by John Pusey, email@example.com
A number of large organizations are realizing they have a plethora of IT repositories such as discovery tools, security monitoring tools, configuration management tools, etc. The data in each of these silos is often useful for its own specific purpose but there is value to be realized by combining these into a single centralized IT Data Warehouse. For example, multiple inventory solutions can coexist within a large organization as a result of growth and acquisition. It is likely the UNIX servers are managed by a different inventory tool than the configuration management tool used to manage the Windows workstations. Perhaps there is a third party tool that gives a deeper insight into database installations at the organization or maybe there is an agentless continuous monitoring tool that has the latest count of assets and the type of operating system but not the installed software. In this age of analytics and big data there is value to be realized by taking these multiple IT sources and combining them to a single IT Data Warehouse. This becomes your organization’s one-stop-shop for all IT and Business analysis data needs. Think of it as your “go-to” repository for data lookups when performing internal software audits, contract and support renewal analysis, security vulnerabilities, provisioning and profiling, etc. This central IT Data Warehouse increases the return on investment for each of the individual tools (e.g., Inventory Tools, Configuration Management Tools, Continuous Monitoring Tools,Database Analysis tools, etc.) by making this data available to more people. If all of your various IT reporting and analysis tools are required to provide a feed to the central IT Data Warehouse you only need to evangelize and advertise the central IT Data Warehouse to your end users.
When undertaking an IT Data Warehouse or analytics project two often overlooked but critical steps for success are:
1.) Identifying the common data dictionary or IT catalog that you will normalize and map all of your various IT data sources to
2.) Defining and implementing the process you will put in place to maintain the catalog and your mappings between the data sources and the catalog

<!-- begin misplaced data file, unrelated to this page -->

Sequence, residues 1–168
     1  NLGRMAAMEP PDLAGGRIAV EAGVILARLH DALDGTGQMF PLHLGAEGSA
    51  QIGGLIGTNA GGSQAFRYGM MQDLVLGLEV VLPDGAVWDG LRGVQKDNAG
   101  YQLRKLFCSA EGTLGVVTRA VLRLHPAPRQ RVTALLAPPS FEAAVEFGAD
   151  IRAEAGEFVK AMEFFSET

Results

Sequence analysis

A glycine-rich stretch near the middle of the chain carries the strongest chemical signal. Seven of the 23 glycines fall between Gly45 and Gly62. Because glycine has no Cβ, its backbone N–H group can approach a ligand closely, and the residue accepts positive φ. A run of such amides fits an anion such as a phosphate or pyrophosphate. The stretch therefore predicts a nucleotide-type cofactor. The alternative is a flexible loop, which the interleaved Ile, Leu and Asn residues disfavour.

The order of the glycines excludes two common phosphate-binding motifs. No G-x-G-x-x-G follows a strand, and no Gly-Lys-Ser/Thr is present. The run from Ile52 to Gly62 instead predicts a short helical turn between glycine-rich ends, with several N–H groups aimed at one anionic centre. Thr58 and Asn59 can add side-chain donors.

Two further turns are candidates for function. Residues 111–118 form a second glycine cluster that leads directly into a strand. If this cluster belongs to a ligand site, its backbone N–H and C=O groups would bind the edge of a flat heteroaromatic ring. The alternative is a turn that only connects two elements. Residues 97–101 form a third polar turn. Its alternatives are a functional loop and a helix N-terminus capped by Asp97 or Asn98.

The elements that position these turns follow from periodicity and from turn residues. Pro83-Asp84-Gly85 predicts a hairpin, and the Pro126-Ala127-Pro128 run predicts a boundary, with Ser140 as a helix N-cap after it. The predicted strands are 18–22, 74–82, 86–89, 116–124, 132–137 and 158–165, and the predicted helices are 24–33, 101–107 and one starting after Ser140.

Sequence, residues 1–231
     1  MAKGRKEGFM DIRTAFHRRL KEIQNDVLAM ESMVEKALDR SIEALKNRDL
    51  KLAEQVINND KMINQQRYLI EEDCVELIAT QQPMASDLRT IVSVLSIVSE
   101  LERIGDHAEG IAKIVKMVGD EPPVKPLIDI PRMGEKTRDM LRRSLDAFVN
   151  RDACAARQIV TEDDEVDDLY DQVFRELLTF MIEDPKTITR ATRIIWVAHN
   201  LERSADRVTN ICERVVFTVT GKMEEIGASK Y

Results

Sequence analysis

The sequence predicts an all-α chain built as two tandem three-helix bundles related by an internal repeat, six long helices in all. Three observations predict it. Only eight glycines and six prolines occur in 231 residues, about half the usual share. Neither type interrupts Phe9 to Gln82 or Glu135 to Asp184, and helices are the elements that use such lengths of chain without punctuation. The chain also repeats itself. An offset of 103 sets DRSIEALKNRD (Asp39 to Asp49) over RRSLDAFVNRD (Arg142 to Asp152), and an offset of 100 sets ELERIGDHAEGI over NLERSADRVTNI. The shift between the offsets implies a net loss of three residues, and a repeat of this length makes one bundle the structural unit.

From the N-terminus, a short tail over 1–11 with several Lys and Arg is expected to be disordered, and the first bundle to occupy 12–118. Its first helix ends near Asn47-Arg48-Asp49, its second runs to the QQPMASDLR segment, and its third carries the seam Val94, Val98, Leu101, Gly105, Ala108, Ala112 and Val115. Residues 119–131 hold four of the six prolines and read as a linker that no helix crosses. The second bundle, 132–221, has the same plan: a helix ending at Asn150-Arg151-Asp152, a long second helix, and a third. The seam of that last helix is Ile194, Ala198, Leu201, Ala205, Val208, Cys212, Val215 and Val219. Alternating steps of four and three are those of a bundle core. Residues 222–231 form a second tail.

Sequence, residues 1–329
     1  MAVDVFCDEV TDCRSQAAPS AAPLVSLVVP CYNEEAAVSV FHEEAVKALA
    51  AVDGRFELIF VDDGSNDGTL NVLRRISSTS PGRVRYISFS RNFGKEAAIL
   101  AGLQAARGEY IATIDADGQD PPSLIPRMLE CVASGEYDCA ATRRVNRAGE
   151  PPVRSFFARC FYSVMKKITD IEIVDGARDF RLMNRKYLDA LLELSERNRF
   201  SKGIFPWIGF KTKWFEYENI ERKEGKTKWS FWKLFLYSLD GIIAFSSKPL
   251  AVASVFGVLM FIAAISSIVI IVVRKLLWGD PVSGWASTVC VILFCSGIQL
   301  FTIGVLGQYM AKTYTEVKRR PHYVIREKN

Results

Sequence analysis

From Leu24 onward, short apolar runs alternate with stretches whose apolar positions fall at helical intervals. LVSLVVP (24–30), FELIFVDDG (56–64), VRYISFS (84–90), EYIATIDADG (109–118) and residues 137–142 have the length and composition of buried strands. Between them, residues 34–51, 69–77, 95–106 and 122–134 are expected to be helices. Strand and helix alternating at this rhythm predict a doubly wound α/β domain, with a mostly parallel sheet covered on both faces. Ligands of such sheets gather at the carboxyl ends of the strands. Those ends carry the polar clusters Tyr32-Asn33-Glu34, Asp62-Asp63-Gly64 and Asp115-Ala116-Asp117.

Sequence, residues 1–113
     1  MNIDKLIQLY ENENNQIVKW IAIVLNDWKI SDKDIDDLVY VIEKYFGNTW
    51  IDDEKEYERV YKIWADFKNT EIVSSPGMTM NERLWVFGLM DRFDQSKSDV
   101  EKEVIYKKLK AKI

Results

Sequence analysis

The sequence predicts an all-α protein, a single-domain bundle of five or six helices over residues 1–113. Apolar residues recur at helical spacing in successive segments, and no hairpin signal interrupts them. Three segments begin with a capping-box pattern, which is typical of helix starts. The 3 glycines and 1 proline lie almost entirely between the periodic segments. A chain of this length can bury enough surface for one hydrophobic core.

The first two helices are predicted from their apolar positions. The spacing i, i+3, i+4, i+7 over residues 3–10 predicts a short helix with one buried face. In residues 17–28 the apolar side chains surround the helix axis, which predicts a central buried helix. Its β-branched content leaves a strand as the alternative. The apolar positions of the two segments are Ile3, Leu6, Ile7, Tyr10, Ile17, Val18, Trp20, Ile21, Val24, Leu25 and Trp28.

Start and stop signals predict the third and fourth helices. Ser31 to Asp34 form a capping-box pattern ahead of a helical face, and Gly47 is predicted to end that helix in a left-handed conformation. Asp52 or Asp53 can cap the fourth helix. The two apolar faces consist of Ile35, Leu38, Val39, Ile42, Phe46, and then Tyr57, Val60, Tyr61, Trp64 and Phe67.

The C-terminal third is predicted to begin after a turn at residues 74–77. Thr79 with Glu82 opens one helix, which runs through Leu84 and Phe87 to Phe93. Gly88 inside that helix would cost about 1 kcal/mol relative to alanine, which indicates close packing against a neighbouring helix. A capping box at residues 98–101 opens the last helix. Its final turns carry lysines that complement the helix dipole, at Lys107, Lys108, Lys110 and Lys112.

The first step, identifying the data dictionary plays several roles for the IT Data Warehouse. It provides a common language to all customers of the warehouse so that a “Laptop” is defined this way, a “Desktop Publishing Tool” is defined this way, and so on. The dictionary also provides a single software publisher name (or hardware manufacturer name) for all of the instances recorded in the various IT data feeds to the warehouse. This value becomes what your organization standardizes on for that publisher or manufacturer. This in turn simplifies how customers can extract data from the warehouse for consumption in their business and IT processes. So for example, the SCCM and Altiris data feeds to the warehouse contain references to software published by Microsoft and Adobe. However, the values for these software publisher names are not consistent between the two sources nor within the same source. By normalizing these feeds first before they are loaded into the IT Data Warehouse you now have uniform values for these publishers in your IT Data Warehouse (i.e., Adobe Systems or Microsoft Corporation), variances between how the different inventory tools (or even within the same tool) list the manufacturer or publisher such as abbreviations or punctuation are normalized out (e.g., Adobe Inc., Adobe Incorporated., etc.). You can think of the data dictionary as a metadata layer wrapping and unifying the underlying data sources to the warehouse. This metadata layer normalizes the underlying varied data sources to a common language in the catalog . For large organizations, the IT Data Warehouse could be populated with feeds from several different configuration and asset management tools as well as various security monitoring and inventory tools, not to mention the data feeds from the LDAP/User Management, HR, and Purchasing systems. By normalizing the data feeds to a common language at the point of entry to the warehouse you increase the value of the data for the end users by reducing the amount of time and effort required to scrub the data to make it useful. You also open up your warehouse to a number of technologies that can make the data more accessible to end users. For example, by normalizing your data sources to a common language you can then easily index the results with your enterprise search server (e.g., Autonomy or SOLR) so that non technical users (i.e., no familiarity with SQL) can access the data using basic search techniques similar to search engines like Bing and Google. Also your Business Analysts or those with basic SQL or excel skills can query the data without having to worry about the various clauses and filters to include in order to cast a wide enough net to get all of the intended results. Take for example, the query: